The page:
How To Navigate Integrated Solutions

Aug. 10, 2018
Utilizing technology across software providers and service segments has many benefits, and just as many challenges.

Integrating vending and micro market management systems is crucial for a successful operation. There are standards created by the VDI (vending data interchange) Task Force that have helped tremendously with integration. Yet there have been challenges integrating due to both operators and providers not sufficiently fulfilling the requirements to integrate seamlessly. Experienced industry members help to navigate this rough terrain by diving into problems and solutions to integration.

Integrating vending and micro markets  

Integrating systems is important because it helps operators to work more efficiently and effectively. “An integrated system enables an operator to leverage similar best practices and processes for his entire team in the field to manage inventory, warehouse, pre-kitting, service schedules and many more aspects of his every day operations,” said Elyssa Steiner, director of marketing, USA Technologies. Operators managing inventory in the field using multiple platforms need to be trained. This can be difficult because each platform has its own nuances. It’s also important to train drivers in inventory management, because it needs to get done as soon as the operator and the location request it.

Some operators have been able to leverage an integrated approach to managing their markets and vending, while some are still faced with the challenges of getting their VMS (vending management system) and MMS (micro market management system) to exchange data back and forth. Although this is a common problem, the important thing to consider is tracking data — whether it’s inventory, or other sales data, it will be much easier to integrate if all of the data has been documented, and correctly. Even if there is one system that’s pulling data from vending and micro markets it still needs to be updated for accuracy.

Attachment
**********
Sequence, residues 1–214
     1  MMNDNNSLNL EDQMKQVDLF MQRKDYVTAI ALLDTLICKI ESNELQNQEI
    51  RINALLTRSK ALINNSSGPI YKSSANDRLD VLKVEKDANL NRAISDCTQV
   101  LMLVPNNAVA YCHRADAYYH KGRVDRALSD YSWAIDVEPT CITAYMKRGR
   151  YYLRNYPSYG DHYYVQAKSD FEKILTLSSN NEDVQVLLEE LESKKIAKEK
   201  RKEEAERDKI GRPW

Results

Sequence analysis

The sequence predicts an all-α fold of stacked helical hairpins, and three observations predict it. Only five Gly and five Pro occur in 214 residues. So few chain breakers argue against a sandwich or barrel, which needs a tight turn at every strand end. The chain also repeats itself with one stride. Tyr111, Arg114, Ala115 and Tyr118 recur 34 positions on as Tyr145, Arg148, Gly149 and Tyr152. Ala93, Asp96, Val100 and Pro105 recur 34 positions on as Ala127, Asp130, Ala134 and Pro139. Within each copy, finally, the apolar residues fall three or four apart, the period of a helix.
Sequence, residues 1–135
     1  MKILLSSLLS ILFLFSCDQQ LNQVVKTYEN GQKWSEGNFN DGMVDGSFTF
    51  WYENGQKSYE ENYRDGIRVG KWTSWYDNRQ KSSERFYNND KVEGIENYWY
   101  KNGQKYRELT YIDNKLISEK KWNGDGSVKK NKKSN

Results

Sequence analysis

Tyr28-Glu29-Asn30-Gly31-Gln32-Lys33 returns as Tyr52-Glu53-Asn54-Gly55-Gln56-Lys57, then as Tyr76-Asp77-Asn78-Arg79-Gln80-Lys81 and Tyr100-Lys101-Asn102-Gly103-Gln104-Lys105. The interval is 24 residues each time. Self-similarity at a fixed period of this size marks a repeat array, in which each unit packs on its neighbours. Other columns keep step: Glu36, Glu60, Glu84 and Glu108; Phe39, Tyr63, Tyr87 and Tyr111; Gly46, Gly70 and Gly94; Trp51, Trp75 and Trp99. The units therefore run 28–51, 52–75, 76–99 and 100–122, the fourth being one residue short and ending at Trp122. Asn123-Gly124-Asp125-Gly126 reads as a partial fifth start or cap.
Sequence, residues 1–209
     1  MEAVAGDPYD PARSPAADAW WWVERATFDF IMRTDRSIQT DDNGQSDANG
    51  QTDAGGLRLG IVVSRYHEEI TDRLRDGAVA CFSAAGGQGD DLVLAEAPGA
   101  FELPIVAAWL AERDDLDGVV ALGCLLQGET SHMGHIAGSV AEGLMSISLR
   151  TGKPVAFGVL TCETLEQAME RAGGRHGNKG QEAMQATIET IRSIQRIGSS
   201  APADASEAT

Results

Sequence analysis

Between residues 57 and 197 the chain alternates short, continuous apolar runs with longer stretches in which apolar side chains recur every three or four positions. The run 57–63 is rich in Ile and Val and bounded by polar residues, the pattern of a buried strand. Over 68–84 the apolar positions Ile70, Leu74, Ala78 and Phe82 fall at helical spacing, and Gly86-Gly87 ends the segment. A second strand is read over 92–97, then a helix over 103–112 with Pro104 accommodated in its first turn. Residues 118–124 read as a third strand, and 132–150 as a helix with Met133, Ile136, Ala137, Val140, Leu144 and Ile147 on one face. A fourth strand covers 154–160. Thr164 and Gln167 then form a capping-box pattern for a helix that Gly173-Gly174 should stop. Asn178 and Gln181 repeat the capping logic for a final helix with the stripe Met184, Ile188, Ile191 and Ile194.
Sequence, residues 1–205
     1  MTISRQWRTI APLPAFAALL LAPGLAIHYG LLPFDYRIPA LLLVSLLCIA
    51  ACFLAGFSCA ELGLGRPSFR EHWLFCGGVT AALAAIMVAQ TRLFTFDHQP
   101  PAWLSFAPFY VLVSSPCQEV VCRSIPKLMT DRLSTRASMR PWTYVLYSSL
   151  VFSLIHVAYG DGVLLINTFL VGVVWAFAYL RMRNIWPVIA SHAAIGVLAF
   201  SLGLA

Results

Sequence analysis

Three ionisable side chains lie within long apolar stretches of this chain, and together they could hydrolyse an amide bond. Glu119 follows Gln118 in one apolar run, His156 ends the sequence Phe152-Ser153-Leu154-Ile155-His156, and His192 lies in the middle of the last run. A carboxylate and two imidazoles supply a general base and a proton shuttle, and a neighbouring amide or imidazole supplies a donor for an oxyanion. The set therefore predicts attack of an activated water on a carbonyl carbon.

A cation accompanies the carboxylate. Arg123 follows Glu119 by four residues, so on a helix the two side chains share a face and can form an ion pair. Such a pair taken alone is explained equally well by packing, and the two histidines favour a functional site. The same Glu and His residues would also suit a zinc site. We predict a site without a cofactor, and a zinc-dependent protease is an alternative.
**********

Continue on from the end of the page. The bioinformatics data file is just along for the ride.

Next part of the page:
“When dealing with multiple technology providers, we find that most of the challenges revolve around reporting and double data entry,” said Ryan McWhirter, director of product, 365 Retail Markets. “Products can come into the warehouse in a single system, but then may need to be split apart across vending and micro market systems for tracking through to sale. That makes reconciling what came into the warehouse and what sold a challenge. In regards to inventory, since sales may be tracked for vending and micro markets separately but taken from the same stock in the warehouse, operators often need to merge sales numbers together manually to forecast orders with suppliers,” explained McWhirter.

Trey Smith, vice president of operations, LightSpeed Automation has also seen problems when  transferring data from the VMS to MMS. Some systems aren’t compatible with one another to integrate, he says. There are some instances where even LightSpeed has difficultly connecting the VMS with the MMS because of the providers’ automation and system differences. 

“While vending machines send sales data via the DEX protocol, micro markets do not! This creates an integration challenge to merge the data together into one VMS system,” explained Ed Kozma, director of sales, CPI. “Many VMS providers do offer micro market modules allowing for the transfer of information to be centralized and then utilized, but it is not frictionless from an interoperability perspective.” Kozma adds that as the micro market ecosystem continues to expand, new entrants with differing, but established, supply chain systems will push the boundaries of existing VMS platforms creating additional data integration needs and investment.

Integration with multiple systems 

An additional problem that operators face is the proliferation of software packages, explains Smith. Some operators have 5 or 6 providers, all with different software packages, and having so many platforms at once can get confusing quickly. Because of this, some operators would rather stay with the providers they have than change to a provider that might be able to help them integrate their VMS and MMS. Or, they don’t have the resources to change, continues Smith. The vast majority of operators don’t have dedicated IT people on their team, which can make it difficult if they try to integrate on their own. And in some cases, providers don’t have solutions for integrating.